The man who was beloved in the Greek Lower East Side Jewish community will now be known to everyone in New York City. On Sunday, the city officially renamed Broome St. between Allen St. and Eldridge St. “Hy Genee Way.”
Hy Genee was the heart and soul of Kehila Kedosha Janina at 280 Broome Street and passed away in 2006 at the age of 83. His spirit still lives on and close to 200 people came out to commemorate and celebrate his legacy.
The Lower East Side used to be home to hundreds of shuls and now only a handful. KKJ is the only remaining Greek Sephardic one.
Andrew Marcus, 24, a board member at the shul, knocked on doors of business and homes to get the signatures needed for a street renaming. He recalled how he always heard Genee chanting liturgy at shul and he was the last person to receive bar mitzvah lessons from him.
“I was very fortunate and blessed to have Hy teach my bar mitzvah lessons,” Marcus said to the attendees. “I take it upon myself to do as much as I can to keep his legacy alive.”
In February, the City Council and Mayor Bill de Blasio announced Broome St. will be officially co-named Hy Genee Way in honor of its former president and community leader at KKJ. Genee, who helped the shul stay afloat for 50 years, was beloved in the community.
Councilwoman Margaret Chin (D-1), who represents the Lower East Side, spoke about Genee.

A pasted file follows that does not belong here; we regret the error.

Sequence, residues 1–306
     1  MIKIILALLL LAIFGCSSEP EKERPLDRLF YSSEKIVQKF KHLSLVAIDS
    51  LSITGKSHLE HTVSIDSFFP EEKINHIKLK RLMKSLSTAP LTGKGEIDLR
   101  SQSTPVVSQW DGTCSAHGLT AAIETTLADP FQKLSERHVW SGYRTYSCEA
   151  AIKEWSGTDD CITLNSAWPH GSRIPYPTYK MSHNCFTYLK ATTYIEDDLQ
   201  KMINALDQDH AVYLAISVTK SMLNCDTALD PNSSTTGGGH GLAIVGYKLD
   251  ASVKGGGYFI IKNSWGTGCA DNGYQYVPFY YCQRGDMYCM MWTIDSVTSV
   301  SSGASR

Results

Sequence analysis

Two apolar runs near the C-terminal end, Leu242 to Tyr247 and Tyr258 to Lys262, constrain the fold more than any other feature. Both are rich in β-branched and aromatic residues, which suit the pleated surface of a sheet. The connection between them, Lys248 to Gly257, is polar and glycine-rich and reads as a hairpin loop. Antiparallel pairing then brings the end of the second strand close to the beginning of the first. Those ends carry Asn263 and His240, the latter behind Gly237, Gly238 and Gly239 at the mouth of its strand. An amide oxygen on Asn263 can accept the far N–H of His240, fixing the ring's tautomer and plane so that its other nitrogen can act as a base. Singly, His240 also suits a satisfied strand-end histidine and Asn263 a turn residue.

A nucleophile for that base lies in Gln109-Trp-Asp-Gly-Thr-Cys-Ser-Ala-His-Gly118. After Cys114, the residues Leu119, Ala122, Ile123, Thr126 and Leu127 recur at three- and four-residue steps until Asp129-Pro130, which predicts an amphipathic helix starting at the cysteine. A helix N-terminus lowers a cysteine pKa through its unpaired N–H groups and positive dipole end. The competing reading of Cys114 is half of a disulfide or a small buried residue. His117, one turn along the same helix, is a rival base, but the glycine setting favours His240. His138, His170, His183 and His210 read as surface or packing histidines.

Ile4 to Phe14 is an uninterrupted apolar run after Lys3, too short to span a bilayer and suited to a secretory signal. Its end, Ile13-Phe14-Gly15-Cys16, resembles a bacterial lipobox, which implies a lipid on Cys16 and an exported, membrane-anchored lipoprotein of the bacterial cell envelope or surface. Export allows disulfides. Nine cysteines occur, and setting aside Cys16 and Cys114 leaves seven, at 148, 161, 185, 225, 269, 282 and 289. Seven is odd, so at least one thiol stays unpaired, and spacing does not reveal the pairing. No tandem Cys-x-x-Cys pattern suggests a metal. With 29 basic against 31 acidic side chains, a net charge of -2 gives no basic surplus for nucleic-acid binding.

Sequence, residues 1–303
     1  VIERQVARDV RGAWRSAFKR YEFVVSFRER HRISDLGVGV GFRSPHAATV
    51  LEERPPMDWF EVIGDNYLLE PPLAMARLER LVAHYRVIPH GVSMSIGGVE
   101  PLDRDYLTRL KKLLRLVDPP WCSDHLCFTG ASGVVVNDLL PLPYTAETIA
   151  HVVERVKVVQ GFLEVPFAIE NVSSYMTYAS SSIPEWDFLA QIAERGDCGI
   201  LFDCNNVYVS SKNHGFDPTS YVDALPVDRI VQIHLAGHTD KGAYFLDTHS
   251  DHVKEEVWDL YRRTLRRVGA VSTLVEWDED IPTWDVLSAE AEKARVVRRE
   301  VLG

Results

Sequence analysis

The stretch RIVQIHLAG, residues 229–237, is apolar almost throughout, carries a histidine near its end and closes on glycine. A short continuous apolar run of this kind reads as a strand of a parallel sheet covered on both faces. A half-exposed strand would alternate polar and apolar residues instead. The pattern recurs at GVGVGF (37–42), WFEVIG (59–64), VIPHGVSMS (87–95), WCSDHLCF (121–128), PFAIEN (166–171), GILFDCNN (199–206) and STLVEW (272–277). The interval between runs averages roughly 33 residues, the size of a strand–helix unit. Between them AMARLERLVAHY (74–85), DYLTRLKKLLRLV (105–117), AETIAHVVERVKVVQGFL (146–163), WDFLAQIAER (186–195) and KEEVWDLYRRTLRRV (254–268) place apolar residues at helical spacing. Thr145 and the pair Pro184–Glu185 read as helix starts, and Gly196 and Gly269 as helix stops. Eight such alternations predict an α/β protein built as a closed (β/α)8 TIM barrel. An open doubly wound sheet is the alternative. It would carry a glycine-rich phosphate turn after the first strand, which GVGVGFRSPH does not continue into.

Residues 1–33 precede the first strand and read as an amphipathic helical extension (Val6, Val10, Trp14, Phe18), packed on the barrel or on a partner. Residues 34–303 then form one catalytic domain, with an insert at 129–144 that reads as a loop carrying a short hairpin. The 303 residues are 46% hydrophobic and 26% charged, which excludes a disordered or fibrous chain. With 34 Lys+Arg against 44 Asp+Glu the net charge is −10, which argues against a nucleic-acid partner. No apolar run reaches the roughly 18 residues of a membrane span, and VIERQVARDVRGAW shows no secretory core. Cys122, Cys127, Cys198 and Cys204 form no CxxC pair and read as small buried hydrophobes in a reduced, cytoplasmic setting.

“Hy Genee cared for his family, his congregation and his neighborhood,” the councilwoman said to the attendees. “When he passed away our community lost a warm and caring presence. It is most appropriate that we do this because Hy exemplifies the spirit of this neighborhood. Now people will be reminded of his leadership every time they walk on the street.”
His family and friends spoke about “Mr. Lower Eastside.” Synagogue President Marvin Marcus, Andrew’s father, told JP he was blessed to have known Genee for more than 20 years.
Genee was a humble man who never wanted the attention, he remarked.
“For those of you who did not know Hy Genee he was a very special man,” Marcus said to the audience. “Through his efforts our kehila was able to survive five decades. Our kehila is eternally grateful to Hy Genee for his work.”
Melissa Ledner, Genee’s granddaughter, reminisced about the times she spent with him. She was extremely close with him and recalled how every time they went to Key Foods or a bakery it was as if the mayor was arriving because everyone would line up to kiss Genee or shake his hand. As she got older, they would go to shul together and dance on the way home and even went to a hookah bar once.
“They (her grandparents) were the best,” Ledner said to JP Updates. “I was really close with my nanny and my pop pop. I think people would come to the synagogue just to see him. He was just a really funny guy.”
Holding tears back, Genee’s children, Lois Genee Ledner and Marty Genee talked about their dad and how proud they are that the street is renamed after him. Marty explained that people often wonder if one person can make a difference and in this case, his father truly did.
“The Lower East Side is a very special part of my life and now it will be even more significant with this being renamed Hy Genee Way,” Genee Ledner said.
“Never in anyone’s dreams, including our father, did we imagine a street would be named after him,” her brother added. “He certainly achieved the crown of a good name. This block was the center of Greek Jewish life. It’s so appropriate that Broome Street contains Hy’s name.”